HomeUnited KingdomMadagascar travel advice

Madagascar travel advice

The FCDO advises against all but essential travel to:

  • the whole of Madagascar based on the current assessment of COVID-19 risks.

Travel to Madagascar is subject to entry restrictions

  • Madagascar has suspended almost all international flights until further notice
  • Madagascar’s Civil Aviation Authority has imposed restrictions on travel to Madagascar from a number of countries based on COVID-19 risk, including the UK. If you’re planning to travel to Madagascar you should contact your tour operator or airline for further advice
  • Cruise ships are not currently permitted to berth in Madagascar’s ports.

See Entry requirements for more information before you plan to travel.

Preparing for your return journey to the UK

If you’re returning to the UK from overseas, you will need to:

Check our advice on foreign travel during the coronavirus (COVID-19) pandemic and sign up for email alerts for this travel advice.

If you’re planning travel to Madagascar, find out what you need to know about coronavirus there in the Coronavirus section.

During the COVID-19 pandemic, it is more important than ever to get travel insurance and check it provides sufficient cover. See the FCDO’s guidance on foreign travel insurance.

The British Embassy in Antananarivo is not currently open to the public, but we continue to carry out essential work including providing 24/7 consular assistance and support to British people in Madagascar. See (‘Coronavirus’ page).

Most visits to Madagascar are trouble-free. If possible, you should travel with established organisations or travel companies who know the terrain and have the capacity to warn of potential hazards. If hiring a guide in country, the National Tourism Office advises visitors to use the services of members of the Professional Tour Operators Association PTO.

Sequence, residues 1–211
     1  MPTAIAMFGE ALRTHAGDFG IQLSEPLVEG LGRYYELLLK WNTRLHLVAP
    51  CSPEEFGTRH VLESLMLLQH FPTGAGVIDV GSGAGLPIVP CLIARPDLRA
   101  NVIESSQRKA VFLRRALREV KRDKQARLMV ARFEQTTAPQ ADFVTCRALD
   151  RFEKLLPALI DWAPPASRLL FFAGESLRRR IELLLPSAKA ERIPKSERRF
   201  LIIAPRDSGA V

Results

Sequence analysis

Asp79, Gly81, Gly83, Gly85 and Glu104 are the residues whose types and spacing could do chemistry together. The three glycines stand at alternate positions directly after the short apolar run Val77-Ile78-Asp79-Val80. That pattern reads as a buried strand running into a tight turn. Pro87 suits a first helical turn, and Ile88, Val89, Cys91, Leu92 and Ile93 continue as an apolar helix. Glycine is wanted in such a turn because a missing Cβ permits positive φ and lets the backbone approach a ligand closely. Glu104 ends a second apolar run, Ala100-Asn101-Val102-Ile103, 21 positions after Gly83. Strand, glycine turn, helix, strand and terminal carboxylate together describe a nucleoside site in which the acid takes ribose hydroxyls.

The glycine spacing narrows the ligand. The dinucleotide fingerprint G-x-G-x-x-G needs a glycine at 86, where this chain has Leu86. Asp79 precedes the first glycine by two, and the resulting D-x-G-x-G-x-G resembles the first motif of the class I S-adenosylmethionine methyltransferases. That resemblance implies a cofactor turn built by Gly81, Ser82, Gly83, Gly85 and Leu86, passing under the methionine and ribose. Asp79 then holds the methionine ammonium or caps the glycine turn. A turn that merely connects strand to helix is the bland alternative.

You will need a visa to enter Madagascar. You can get a tourist visa on arrival at the airport or an e-visa online before you travel. This process may vary given current coronavirus entry restrictions. See Visas

President Rajoelina was inaugurated on 19 January 2019 following two rounds of elections. Whilst violence during the elections was low, political demonstrations and other protests may still occur. Due to the possibility of violence at these events, you should avoid all protests and demonstrations, including those taking place in the area around Independence Square (“La Place du 13 mai”) and the Town Hall in Antananarivo. See Political situation

Take great care and follow local advice in the south-east of the country. In the southern triangle between Ihosy, Toliara/Tuléar and Fort-Dauphin the security situation remains tense and the roads are in very poor condition. If travelling in the area you’re advised to use a recognised tour operator and to avoid travelling at night. You’re advised not to travel by taxi-brousse (bush taxi). Avoid overnight stays in the countryside. See Local travel – Southern Madagascar

Seek local advice and guidance before visiting beaches. You should remain vigilant when visiting beaches to the South and North of Toliara (Tuléar) as there have been attacks and robberies. Avoid visiting isolated and remote beaches, especially alone.

The cyclone season in Madagascar normally runs from November to April. Coastal areas are particularly affected, and remote areas throughout the country can become inaccessible and suffer damage and contamination to water supplies. Tropical Storm Eloise is forecast to bring heavy rains to the north east of the country from Tuesday 19 January 2021. You should monitor the progress of approaching storms on the METEO Madagascar website and follow alerts and instructions from the local authorities. See Natural disasters

You should avoid travelling at night on Route Nationales (RNs) particularly RN 13 between Ambovombe and Ihosy and on the RN 10 between Betioky and Andranovory (the western route to Toliara/Tuléar). There have been several attacks on vehicles. If you’re planning to travel to Fort Dauphin you should travel by air instead of via the RN 13. See Crime and Local travel

Crime, particularly robbery and theft is widespread in Madagascar. See Crime

Maintain a low profile while moving around the country. You’re advised to use a recognised tour operator. You should monitor the local media closely for the duration of your visit. See Local travel

Terrorist attacks in Madagascar can’t be ruled out. See Terrorism

Piracy remains a significant threat in the Gulf of Aden and Indian Ocean, and has occurred more than 1,000 nautical miles from the Somali coast. See River and sea travel

If you’re abroad and you need emergency help from the UK government, contact the nearest British embassy, consulate or high commission. Consular support may be limited in parts of Madagascar.


Stay Connected
Must Read
Related News